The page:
There is broad support within civil society for the continuation of a reformed and strengthened IGF. At the same time, it is undeniable that the almost decade-long evolution of the IGF has been very slow and cautious, in comparison to other fora and events such as NETmundial. This may have spurred the development of a number of other meetings and initiatives which, on some level, compete with the IGF.
Whilst this diversity of initiatives can be positive, there is also the risk that too many of them may sap energy and attention from the IGF itself, which has a particular impact on civil society whose resources to participate in multiple initiatives is the most constrained. This effect could be minimised if the IGF would be more responsive to suggestions that stakeholders have made, often repeatedly, to address observed deficits in the IGF’s structure and format.
One of the difficulties is that there is really no “IGF” to effectively evaluate and implement these suggestions; there is a Secretariat, with limited resources and a narrow self-assessed mandate to effect structural changes to the IGF, and there is a MAG which, overall, considers itself a programme committee only and is similarly reluctant to depart from established structures and formats.
The IGF would benefit from the appointment of a new, charismatic and visionary Executive Coordinator, with multi-stakeholder support, to personally evangelise for and drive the necessary changes. But in the interim, it would also be possible for the periodic open consultation meetings to be facilitated – perhaps by an independent professional – in a way that is more open to blue-sky thinking, rather than being limited to a narrow analysis of the annual meeting themes and the like.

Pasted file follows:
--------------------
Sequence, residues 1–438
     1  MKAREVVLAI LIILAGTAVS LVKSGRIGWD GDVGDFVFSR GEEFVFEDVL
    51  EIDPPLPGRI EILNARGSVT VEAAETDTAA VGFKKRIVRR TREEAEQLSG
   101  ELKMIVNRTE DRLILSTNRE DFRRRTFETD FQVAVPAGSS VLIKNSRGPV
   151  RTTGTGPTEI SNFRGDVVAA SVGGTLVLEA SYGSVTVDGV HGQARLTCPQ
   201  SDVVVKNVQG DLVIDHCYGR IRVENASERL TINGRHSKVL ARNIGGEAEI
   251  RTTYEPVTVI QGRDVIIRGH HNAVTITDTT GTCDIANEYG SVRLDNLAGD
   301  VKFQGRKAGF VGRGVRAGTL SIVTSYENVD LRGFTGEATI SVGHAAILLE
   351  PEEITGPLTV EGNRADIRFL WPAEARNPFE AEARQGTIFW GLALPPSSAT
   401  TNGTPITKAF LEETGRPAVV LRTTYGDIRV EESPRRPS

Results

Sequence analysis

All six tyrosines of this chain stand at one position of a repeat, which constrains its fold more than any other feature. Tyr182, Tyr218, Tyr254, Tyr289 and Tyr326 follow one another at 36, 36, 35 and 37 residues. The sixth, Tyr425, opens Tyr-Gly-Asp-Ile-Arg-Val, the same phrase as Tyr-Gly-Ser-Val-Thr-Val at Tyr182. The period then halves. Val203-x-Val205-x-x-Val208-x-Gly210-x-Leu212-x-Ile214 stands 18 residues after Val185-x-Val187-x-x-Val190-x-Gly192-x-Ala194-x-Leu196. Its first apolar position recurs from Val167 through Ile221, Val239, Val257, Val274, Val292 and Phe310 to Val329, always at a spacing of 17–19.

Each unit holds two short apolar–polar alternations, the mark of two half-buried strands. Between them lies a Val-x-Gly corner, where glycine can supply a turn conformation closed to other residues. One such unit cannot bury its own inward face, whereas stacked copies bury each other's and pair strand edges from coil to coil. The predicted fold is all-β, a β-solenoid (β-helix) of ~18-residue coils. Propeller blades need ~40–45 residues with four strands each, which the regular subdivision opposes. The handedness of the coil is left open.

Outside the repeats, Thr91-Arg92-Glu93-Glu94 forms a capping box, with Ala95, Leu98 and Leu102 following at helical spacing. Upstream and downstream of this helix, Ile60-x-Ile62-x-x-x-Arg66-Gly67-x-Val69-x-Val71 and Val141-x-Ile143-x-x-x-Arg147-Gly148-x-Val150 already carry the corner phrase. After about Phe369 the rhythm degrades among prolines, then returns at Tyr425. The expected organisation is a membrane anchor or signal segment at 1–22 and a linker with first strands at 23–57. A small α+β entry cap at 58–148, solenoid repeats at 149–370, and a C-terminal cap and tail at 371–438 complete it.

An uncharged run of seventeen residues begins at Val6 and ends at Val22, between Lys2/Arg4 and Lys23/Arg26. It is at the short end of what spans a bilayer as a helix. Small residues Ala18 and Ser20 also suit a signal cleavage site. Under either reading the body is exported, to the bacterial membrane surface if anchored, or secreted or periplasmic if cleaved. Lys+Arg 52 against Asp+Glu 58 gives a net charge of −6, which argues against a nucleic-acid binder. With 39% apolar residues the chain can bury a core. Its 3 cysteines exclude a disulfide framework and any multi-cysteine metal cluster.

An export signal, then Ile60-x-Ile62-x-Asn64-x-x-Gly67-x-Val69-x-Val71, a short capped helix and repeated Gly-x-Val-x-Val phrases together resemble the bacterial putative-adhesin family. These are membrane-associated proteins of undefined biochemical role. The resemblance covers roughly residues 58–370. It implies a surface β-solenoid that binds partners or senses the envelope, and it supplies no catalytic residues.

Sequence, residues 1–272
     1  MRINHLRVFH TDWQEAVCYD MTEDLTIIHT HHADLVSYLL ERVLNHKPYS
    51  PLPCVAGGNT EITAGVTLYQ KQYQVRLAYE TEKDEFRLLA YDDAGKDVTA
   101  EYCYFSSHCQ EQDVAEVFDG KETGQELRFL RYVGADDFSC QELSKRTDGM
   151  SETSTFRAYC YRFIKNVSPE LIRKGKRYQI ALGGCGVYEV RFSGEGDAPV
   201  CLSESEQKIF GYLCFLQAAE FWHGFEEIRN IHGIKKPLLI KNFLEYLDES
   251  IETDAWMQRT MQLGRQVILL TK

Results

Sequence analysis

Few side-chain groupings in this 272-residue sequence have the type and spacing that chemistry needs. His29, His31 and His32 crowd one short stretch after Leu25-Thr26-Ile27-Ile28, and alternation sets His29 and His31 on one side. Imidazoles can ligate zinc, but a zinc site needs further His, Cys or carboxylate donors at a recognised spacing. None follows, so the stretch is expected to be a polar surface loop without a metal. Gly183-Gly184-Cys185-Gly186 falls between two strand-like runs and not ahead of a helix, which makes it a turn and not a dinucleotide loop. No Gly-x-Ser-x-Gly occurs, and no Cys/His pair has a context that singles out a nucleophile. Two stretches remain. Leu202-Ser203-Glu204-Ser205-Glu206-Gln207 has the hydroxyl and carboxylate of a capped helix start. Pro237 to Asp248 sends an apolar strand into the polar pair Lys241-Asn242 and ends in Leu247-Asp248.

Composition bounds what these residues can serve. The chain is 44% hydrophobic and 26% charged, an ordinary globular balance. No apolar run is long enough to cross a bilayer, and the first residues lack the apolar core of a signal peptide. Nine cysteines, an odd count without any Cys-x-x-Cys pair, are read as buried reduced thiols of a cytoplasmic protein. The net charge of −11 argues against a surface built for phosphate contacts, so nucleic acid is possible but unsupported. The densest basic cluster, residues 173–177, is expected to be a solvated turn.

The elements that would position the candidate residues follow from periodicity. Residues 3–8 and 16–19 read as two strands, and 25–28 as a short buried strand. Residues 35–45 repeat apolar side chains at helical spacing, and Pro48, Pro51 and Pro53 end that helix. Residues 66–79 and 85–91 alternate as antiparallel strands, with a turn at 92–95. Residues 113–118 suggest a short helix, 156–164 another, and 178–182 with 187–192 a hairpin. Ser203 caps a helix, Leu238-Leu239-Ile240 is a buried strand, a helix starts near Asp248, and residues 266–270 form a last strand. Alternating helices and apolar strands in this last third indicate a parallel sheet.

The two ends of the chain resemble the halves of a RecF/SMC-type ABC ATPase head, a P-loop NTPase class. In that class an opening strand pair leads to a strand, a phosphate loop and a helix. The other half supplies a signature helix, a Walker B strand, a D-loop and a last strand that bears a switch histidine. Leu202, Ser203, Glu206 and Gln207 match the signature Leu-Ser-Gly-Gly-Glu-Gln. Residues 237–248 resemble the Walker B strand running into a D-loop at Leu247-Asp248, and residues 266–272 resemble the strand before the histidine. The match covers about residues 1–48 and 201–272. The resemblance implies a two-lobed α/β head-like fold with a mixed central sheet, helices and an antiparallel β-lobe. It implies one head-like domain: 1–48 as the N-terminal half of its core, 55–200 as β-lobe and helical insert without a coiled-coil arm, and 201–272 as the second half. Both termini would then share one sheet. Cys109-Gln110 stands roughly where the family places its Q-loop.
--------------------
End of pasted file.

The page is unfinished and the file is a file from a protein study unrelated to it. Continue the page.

Even the present consultation, which is limited to “format”, “schedule” and “themes”, reveals a certain narrowness of thinking in this regard. It does not lend itself very well to suggestions about the structural evolution of the IGF that might allow it to more fully execute its mandate, such as significant changes to its management structure, the execution of a coordinating function, or the establishment of issue-specific multistakeholder working groups.
Perhaps the most significant departure from previous practice at the Istanbul meeting was the new Best Practice Forum mechanism. This was effectively a compromise between the call by many for outputs from the IGF, and the reluctance of others for the IGF to adopt processes that could produce such outputs by consensus. A result of this compromise is that since the outcome documents (once they are released) do not represent a consensus, they may not be regarded as particularly persuasive or useful by external governance bodies.
More effective use could have been made of the academic community to contribute towards the development of the draft best practice recommendations, rather than expecting a self-selected multi-stakeholder group (and in practice, only a few individuals within the group) to develop these. The most distinctive contribution of a multi-stakeholder group is not its technical expertise in developing policy options, but rather the legitimacy that it provides by bringing multiple perspectives to bear on the task of deciding between those options.
Another relatively new practice, first adopted for the Bali meeting and repeated at the Istanbul meeting, was the call to the community for suggestions of policy questions to be addressed at the meeting. All of these – 49 in Bali and 31 in Istanbul – were simply collected and passed on to session organisers. This was not effective in practice and should not be repeated. Instead, a more collaborative process of developing a smaller list of pressing policy problems (like the five selected for the Best Practice Forums) should be used.
Despite various proposals made from time to time, the IGF has yet to experiment with any large-scale, participatory and deliberative session format aimed towards the development of consensus resolutions on policy issues, somewhat like the NETmundial process, which was a combination of online and face-to-face work utilising both small and large multi-stakeholder groups. The IGF should draw on the services of a specialist in participatory event organisation to experiment with this type of session format.